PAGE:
Baked 25 min with steam, and around 15-20 min more without, and left it in the cooling oven with the door ajar for a bit. Got very nice oven spring and good colour. Surprisingly, the crust is a bit soft, unlike my previous breads with durum, where the crust was super hard and crispy.

Will cut and see the crumb later today.


Ilya's bake #4. Pane cafone 2.0

After the previous underproofed bake of pane cafone, I was determined to figure it out and make it work. Well, I'm definitely much closer this time!

Basically, with Abe's guidance, I strengthened the stiff starter over a few feeds, so that it properly follows the timing in the recipe (doubling within 3-4 hours for first and second dough). On top of that, after kneading I left the dough to proof at 27C in my "proofer" for 1 hr, since it certainly felt cold - despite using warm water - must be heat loss from kneading on a colder surface.

And then it also spent much longer in the cold proof in the fridge this time, around 15 hrs. From outside it looks like a twin of the first loaf (just a little smaller, since I made a slightly smaller batch of dough). However it's not underproofed!

There are some slightly larger holes in the crumb, but these I would believe that I trapped during shaping. Hope I don't discover some caverns further inside the loaf!

The flavour is the same lovely non-sour, with a hint of durum sweetness and some nice underlying aroma - as Abe says, as if it was a biga bread.

Ilya's bake #5. 60% semolina loaf.

Made another semolina loaf to bring to a bbq with friends. Simple recipe, 60% fine semolina, rest bread flour (and some rye flour from the starter in the levain). Formula:

Fermented the starter for around 6 hrs, nowhere near doubled, but the consistency seemed very soupy from the beginning (a lot of rye, and a lot of acidity, maybe), probably not capturing gas well.

Mixed everything, left for ~40 min to hydrate (semolina certainly needed it!), did some slap&folds for medium development, left in an oiled straight sided container at 28C.

~70% growth after 5 hrs:

Preshaped by folding similar to the pane cafone video recipe earlier, then shaped into a batard (the dough was a little more sticky than I wanted, might have been on the verge of overfermentation) and applied black and regular sesame seeds - one colour for each side of the loaf. Proofed in the fridge overnight - only around 9 hrs, was late and needed to bake in the morning so the bread cools before transporting. Baked in a preheated upturned pyrex casserole dish for steam around 15 min (260C), then until nice colour without cover (230C).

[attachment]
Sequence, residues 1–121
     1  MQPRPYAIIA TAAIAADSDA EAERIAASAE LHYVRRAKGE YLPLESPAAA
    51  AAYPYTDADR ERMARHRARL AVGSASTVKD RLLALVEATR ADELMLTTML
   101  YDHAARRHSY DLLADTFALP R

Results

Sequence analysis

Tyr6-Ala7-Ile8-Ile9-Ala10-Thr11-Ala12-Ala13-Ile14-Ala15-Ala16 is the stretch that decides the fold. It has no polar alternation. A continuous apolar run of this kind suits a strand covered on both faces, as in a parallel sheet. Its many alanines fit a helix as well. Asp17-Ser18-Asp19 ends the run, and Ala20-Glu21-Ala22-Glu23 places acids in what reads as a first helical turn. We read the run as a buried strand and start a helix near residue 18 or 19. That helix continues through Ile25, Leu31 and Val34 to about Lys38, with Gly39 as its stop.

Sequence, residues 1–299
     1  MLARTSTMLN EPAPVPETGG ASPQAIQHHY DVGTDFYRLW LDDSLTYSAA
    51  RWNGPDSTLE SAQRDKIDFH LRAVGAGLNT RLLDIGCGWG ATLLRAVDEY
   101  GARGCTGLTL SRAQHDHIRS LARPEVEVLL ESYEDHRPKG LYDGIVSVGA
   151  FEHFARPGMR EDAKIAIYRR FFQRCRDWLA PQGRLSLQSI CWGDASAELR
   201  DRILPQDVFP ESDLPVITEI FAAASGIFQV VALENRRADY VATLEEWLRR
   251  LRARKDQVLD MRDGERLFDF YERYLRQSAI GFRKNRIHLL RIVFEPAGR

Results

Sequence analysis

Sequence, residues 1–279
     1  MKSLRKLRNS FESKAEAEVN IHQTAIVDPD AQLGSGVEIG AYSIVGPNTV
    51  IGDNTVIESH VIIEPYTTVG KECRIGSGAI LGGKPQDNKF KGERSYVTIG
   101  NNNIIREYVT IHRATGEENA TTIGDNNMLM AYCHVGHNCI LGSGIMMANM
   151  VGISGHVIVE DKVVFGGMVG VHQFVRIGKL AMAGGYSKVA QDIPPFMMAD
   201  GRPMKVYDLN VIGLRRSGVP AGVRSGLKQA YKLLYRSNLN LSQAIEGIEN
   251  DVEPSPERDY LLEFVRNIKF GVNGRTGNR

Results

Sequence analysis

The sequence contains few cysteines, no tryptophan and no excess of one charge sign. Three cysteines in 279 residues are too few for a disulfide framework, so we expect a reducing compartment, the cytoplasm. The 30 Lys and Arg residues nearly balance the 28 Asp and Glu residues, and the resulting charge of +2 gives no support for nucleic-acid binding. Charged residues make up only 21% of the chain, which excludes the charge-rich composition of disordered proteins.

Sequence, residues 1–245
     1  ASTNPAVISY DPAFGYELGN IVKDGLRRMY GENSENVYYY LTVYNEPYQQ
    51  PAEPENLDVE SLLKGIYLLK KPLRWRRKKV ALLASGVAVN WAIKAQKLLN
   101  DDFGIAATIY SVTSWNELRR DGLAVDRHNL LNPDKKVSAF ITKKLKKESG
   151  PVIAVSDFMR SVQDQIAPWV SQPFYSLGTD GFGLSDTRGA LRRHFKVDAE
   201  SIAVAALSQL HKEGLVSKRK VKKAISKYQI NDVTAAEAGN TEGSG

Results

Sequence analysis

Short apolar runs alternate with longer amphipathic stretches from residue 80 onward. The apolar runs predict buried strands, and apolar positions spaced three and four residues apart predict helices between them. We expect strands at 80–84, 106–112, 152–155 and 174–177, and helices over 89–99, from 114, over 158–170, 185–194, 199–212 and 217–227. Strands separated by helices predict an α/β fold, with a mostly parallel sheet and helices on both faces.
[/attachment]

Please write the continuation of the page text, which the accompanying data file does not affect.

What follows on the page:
Nice and even crumb - probably could do with a longer final proof for slightly more openness, but I was very constrained by my schedule. Everyone loved the bread, and I was quite pleased too. Good bread that stands up to toppings, but with a mild flavour.


isand66's picture

This one came out perfect!

Great bake.

Ilya Flyamer's picture
Ilya Flyamer

Thank you!

Another Girl's picture
Another Girl

That's a fine looking loaf. Nice work!

Ilya Flyamer's picture
Ilya Flyamer

Thank you AG!

headupinclouds's picture

Thanks for sharing the bake details.

Ilya Flyamer's picture
Ilya Flyamer

Thank you! Glad you liked the score too.

BXMurphy's picture

I love your bread. How did you accomplish your crumb?

My bet is that a perfectly proofed bulk will render larger holes. Therefore, a strong shape and pre-shape will be required to squeeze out the excess gas.

My biggest bet is placed on the pre-shape and forming. I'm undecided on length of proof but I will start with the Community Bake's times, of course. 


Ilya Flyamer's picture
Ilya Flyamer

Good degassing when shaping, I think that's key for a crumb like this. So you are right. I've done it before with higher hydration though, and never got crumb quite this tight and even, so that's another important factor I think.

Another Girl's picture
Another Girl

I always love your crusts and your bake #3 is no exception. The colors and scoring are striking and I bet the bread is delicious. All your bakes for this CB have been good. Nice work.

Ilya Flyamer's picture
Ilya Flyamer

Thank you AG, apologies for a late reply! I always make sure to bake crusts until the colour that I like - I feel sometimes I risk drying out the bread a bit, but there is nothing sadder than a dull-looking loaf!